A divorce case often involves issues beyond the divorce itself, including property distribution, custody, and support. At one time, divorces in Allegheny County generally would be subject to automatic bifurcation, which meant that the divorce was granted before the remaining claims were resolved. In 2005, the Divorce Code was revamped so that bifurcation became the exception. For the exception to apply in a divorce based on the length of separation, a party has to establish specific grounds for the divorce as well as compelling circumstances favoring bifurcation for the marriage to end before economic claims are decided. The court wants to see that the dependent spouse, in particular, receives economic protection during a bifurcated divorce.

While different counties may be more likely to allow bifurcation, it should be remembered that the statute doesn’t favor bifurcation. Therefore, a party in a divorce based on length of separation could have to wait for the required separation period to pass and then wait even longer for other claims to be decided before receiving a divorce decree. If the period of living separate and apart becomes one year, this should result in a shorter period overall for a decree in divorce even without bifurcation.

A final note about changes in the length of separation: the last change occurred in 1988 and affected any separation that began after February 12th of that year. If you separated on February 13th or later, you had to wait two years while a separation that began on February 12th still was subject to a three-year separation. Whether this approach would be used again isn’t known yet. However, it is something to think about if you’re considering a possible separation and divorce right now.

When is a Power of Attorney in Effect?(Pt 2)

In the previous post, I took a brief look at various powers of attorney found in Pennsylvania’s laws and discussed how and when they take effect. However, the issue of timing regarding when a financial power of attorney can be used often is something that the principal who would be giving the power wants to address in the document due to concerns such as loss of control and possible abuse. The topic of timing in combination with varied reasons for having a financial power of attorney is the subject of the second part of this discussion of powers of attorney in Pennsylvania.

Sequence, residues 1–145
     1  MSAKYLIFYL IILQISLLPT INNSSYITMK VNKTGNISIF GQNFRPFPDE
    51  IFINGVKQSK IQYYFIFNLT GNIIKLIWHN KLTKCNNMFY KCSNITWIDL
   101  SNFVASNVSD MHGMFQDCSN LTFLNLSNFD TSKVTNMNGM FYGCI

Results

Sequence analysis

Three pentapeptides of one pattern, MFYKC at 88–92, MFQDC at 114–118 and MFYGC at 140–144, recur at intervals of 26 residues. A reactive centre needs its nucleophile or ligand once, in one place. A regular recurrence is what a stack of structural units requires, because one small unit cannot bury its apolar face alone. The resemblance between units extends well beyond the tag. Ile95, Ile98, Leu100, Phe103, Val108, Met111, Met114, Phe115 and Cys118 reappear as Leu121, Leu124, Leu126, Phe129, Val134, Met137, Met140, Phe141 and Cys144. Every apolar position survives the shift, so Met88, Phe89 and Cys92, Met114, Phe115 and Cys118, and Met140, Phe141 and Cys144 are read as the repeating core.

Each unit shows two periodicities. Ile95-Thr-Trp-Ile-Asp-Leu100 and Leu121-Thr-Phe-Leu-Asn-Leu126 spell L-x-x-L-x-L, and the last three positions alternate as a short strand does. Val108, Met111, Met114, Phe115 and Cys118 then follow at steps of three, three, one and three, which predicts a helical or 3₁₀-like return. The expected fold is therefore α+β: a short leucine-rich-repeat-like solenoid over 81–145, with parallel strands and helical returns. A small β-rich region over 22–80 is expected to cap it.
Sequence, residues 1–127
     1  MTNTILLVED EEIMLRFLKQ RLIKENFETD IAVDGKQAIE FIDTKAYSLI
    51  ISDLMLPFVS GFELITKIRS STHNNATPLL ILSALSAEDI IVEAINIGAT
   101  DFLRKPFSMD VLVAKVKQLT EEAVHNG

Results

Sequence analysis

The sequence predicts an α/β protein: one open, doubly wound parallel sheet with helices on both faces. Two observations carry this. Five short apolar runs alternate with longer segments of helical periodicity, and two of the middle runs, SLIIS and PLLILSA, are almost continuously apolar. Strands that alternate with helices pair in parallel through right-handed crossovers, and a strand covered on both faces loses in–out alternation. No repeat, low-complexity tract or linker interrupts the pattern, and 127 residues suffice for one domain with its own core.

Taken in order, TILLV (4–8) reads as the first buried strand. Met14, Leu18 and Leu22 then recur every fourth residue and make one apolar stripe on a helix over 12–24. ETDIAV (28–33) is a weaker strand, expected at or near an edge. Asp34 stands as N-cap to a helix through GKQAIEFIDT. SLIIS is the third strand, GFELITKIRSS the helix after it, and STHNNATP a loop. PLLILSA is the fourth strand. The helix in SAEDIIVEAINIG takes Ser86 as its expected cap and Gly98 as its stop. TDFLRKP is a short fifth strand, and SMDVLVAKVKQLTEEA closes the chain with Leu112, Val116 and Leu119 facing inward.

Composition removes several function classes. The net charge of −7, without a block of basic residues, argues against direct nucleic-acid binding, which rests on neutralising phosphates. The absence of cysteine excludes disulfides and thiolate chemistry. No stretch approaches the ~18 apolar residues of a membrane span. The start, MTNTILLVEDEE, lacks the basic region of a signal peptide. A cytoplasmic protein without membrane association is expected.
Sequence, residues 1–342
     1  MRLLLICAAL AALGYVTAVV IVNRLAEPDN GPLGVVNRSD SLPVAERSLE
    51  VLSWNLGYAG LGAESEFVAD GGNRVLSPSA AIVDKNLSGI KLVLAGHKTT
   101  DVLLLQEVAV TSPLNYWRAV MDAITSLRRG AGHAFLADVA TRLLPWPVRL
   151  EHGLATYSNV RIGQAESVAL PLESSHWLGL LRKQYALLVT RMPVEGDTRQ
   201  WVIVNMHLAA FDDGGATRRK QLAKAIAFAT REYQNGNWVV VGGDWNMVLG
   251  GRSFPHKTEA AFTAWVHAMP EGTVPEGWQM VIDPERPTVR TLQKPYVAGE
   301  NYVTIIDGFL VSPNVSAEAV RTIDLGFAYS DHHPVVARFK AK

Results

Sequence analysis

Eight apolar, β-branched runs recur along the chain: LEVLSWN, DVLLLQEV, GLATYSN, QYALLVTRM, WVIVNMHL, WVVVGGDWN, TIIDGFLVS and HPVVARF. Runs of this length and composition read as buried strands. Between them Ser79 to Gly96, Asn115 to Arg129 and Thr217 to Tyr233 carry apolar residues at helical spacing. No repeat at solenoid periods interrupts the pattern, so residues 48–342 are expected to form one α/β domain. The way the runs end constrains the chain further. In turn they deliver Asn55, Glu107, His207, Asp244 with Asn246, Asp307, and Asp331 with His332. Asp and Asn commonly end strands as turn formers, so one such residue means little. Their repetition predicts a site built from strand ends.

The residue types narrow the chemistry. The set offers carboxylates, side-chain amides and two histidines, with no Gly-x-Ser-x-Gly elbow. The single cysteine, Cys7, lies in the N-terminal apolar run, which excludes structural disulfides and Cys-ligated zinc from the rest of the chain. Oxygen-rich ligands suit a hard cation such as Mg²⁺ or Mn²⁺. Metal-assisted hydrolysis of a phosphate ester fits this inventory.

As your power of attorney is being drafted, you and the attorney should discuss its focus or purpose as well as how to use specific powers to achieve this. There are situations that can be handled by a more limited power of attorney. This limitation may mean that it only can be used by your agent for specific periods of time. If not specified, Pennsylvania law presumes that a power of attorney is durable, however.

The term “durable” means that it is in effect and, technically, could be used by your agent from the moment when it is executed (or, to put it more simply, when it is signed). People often feel that this means that they are giving away the authority to handle financial matters, even though they are capable of doing so, and worry about the power being abused. This, in turn, can spark interest in limiting when the document will be effective. Such restrictions could make sense, depending on the purpose for this document.

A non-durable power of attorney can be used by your agent only when you are not incapacitated. This generally is when you least need to have one. As an instrument of estate planning, this would have little use because you would not need someone handling financial affairs to carry out the objectives of your estate plan while you are capable of doing so.

However, a non-durable power of attorney can be useful to give someone the authority to handle a transaction when you are not able to be present for some reason. The non-durability combined with the limited scope (for example, the authorization for an agent to complete the sale of a vehicle) can make this useful because, in the example, you can sell the vehicle even though you cannot be present and the document only exists until the specific transaction is accomplished.